The Government of India had originally envisaged two classifications for individuals with Indian lineage - the Person of Indian Origin (PIO) and the Overseas Citizen of India (OCI), for the Indian Diaspora across the globe. Both categories extended certain rights and privileges to qualifying individuals making several visa and immigration processes redundant for them. The PIO scheme was introduced in 1999 and was subsequently revised in 2002 ("PIO Scheme"). An individual was qualified to register as a PIO if he or she was a foreign citizen (not being a citizen of Pakistan, Bangladesh, Afghanistan, Sri Lanka, Bhutan, Nepal and China), and if (i) He/she at any time held an Indian passport; (ii) He/she or either of his/her parents or grandparents or great grandparents were born in or permanently resident in undivided India; or (iii) He/she is a spouse of citizen of India or PIO covered in (i) or (ii) above.

Registered PIO card holders were entitled to visit India without a visa for 15 years from the date of issue of PIO card and were exempted from registration at Foreigners Regional Registration Office (FRRO) if their stay in India did not exceed 180 days.  In October 2014, the validity of PIO card was extended up to the lifetime of the holder and these individuals became exempt from registration requirements in India – thus granting the same privileges as those enjoyed by registered OCIs.  Individuals under both the categories received a "card," evidencing their special status. 

The OCI Scheme was introduced first in the early 2000s and formalized by the Government of India by amending the Citizenship Act, 1955.  This was done in response to the growing demand of the Indian community overseas for "dual citizenship.'' Although the OCI status does not grant Indian citizenship, the holder is granted most rights as are conferred upon an Indian citizen, barring a few such as holding public office, voting in political elections, etc. 

Qualifying individuals registered as OCIs are entitled to a multipurpose, multiple entry, life-long visa allowing them to visit India at any time, for any length of time and for any purpose. They are also exempt from registration for any duration of stay in the country. These two categories had similar criteria but gave rise to a lot of practical issues, confusion and disparities in how they were being granted.  With a view to streamlining and unifying the two categories the Government of India merged the two schemes in January 2015. 

The salient changes under the now unified schemes under the OCI category are set out below:

  1. Inclusion of the following categories for the purpose of applying for an OCI card:
  • Great grandchild
  • Minor child whose both parents are citizens of India or one of the parents is a citizen of India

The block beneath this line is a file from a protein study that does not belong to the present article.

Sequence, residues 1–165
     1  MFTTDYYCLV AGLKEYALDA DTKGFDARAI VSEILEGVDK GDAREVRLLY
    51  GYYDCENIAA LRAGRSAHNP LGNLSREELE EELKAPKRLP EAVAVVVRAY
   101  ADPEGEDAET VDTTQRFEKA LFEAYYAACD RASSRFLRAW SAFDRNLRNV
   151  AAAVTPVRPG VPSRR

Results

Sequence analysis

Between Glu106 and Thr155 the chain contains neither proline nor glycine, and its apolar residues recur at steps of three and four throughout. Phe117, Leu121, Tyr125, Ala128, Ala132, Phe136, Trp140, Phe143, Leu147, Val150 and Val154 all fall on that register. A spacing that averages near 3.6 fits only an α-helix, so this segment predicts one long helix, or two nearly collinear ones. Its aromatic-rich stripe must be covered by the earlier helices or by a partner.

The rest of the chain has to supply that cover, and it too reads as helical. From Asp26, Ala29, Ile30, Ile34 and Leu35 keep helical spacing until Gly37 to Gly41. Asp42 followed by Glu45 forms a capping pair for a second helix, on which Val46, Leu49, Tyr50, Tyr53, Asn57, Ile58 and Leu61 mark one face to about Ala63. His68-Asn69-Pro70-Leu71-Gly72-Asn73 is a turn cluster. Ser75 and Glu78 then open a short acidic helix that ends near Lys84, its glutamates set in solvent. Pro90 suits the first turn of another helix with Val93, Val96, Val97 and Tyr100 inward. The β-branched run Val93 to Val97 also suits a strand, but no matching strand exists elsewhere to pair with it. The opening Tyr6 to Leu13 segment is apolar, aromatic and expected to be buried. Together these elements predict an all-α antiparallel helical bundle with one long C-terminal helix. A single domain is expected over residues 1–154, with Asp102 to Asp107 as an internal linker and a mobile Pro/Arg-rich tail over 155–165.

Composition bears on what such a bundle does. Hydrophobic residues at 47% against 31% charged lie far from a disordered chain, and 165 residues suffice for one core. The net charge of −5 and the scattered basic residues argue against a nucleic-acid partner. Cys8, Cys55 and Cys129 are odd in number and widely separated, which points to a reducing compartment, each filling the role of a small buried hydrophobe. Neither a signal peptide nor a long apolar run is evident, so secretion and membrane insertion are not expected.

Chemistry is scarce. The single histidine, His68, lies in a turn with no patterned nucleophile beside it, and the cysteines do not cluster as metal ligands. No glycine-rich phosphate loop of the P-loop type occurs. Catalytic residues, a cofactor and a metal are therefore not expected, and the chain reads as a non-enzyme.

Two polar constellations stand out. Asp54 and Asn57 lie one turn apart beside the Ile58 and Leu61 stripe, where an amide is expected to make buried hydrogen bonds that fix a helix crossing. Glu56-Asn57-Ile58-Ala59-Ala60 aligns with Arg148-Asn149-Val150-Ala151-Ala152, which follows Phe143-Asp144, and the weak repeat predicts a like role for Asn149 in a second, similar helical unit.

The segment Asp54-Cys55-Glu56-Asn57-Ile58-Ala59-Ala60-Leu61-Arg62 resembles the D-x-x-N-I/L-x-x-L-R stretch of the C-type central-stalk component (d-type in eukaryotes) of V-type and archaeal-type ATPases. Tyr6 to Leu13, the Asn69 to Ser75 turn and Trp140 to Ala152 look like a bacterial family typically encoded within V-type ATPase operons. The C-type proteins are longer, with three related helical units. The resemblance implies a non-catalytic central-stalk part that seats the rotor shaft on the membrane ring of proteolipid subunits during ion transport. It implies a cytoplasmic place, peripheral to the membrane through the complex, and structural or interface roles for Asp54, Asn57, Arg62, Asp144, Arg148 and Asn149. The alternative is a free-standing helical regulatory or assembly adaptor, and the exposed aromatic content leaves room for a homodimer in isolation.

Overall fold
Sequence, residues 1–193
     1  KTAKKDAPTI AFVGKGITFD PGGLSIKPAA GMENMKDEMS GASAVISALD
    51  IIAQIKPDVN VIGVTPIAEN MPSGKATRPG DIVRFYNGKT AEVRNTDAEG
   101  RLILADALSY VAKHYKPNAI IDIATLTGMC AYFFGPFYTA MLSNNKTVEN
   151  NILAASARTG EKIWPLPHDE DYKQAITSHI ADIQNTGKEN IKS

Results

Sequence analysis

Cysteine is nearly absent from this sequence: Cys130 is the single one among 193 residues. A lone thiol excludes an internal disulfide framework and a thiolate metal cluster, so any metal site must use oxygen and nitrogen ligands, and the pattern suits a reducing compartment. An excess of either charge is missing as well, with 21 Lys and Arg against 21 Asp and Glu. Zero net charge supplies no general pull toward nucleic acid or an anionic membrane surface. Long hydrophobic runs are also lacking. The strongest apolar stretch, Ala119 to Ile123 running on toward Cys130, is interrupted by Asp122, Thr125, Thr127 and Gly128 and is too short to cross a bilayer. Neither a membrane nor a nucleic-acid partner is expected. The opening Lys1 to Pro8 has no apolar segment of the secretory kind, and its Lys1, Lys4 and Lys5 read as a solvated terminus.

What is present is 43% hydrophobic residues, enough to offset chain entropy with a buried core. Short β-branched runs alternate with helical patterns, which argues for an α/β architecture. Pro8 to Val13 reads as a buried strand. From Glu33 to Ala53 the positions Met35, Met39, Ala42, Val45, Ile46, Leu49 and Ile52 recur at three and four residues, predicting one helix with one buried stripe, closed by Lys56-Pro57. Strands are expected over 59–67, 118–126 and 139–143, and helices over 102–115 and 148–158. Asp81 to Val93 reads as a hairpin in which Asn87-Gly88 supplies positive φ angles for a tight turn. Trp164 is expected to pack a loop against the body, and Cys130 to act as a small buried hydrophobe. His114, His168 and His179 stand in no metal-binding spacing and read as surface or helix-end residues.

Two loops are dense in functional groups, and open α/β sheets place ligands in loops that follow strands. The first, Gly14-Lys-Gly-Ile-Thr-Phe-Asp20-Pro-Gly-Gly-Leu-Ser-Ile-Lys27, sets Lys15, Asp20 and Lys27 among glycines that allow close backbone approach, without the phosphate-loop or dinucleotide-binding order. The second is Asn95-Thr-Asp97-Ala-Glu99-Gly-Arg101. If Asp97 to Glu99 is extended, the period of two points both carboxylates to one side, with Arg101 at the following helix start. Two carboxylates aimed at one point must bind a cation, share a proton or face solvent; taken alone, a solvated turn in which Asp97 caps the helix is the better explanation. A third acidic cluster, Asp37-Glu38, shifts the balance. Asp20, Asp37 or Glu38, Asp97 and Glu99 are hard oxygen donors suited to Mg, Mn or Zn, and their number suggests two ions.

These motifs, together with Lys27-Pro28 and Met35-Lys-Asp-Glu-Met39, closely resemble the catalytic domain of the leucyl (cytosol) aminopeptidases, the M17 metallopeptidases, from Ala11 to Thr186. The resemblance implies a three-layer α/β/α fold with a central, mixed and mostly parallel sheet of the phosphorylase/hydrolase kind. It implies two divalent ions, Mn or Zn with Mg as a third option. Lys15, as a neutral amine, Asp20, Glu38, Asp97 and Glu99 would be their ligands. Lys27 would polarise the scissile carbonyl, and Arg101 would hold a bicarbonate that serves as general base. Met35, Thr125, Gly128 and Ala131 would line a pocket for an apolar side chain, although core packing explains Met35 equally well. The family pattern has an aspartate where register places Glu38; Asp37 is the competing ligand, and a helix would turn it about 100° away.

• Foreign origin spouse of a citizen of India or an OCI cardholder whose marriage has been registered and subsisted for a continuous period of at least two years immediately preceding the date of application for OCI card
  1. A child who is born outside of India to parents who are Indian citizens is now eligible to apply for an OCI Card regardless of whether his/her parents are eligible for the card themselves.
  1. The OCI category is now open to citizens of Afghanistan, Bhutan, China, Iran, Nepal, and Sri Lanka. These six nationalities were previously banned from the scheme.
  1. Clarification that if a person holding an OCI card renounces his card then the spouse of foreign origin of such OCI card holder shall also cease to be an OCI.
  1. Clarification that the Government may cancel the OCI registration if it is satisfied that the marriage of the spouse of foreign origin of an OCI (a) has been dissolved by a competent court or (b) has not been dissolved but, during the subsistence of such marriage, he/she has solemnized marriage with any other person.
  1. The criteria for updating OCI Cards after obtaining a new passport is as follows:
  • OCI holders less than 21 years of age: required to obtain a new OCI card with each new passport;
  • OCI holders between 21to 50 years of age: are not required to obtain a new OCI card when they obtain a new passport, but instead may travel with both their old and new passports along with their OCI card;
  • OCI holders above the age of 50 years: are required to update their OCI card once after obtaining a new passport after turning 50 years of age.

Another, very welcome change brought about under the changed statute affects the eligibility of those qualifying individuals who wish to apply for Indian citizenship. The Citizenship Act, required a continuous stay of 12 months in India on the date of making the application, before the following category of people could apply for registration as citizens of India (a) a person who or either of his parents, was earlier a citizen of independent India or (b) a person who has been registered as an overseas citizen of India. Under the changed regulation the Government has the power to grant an absence from India for a total of 30 days in the applicable, 12-month qualifying period, but only in special circumstances.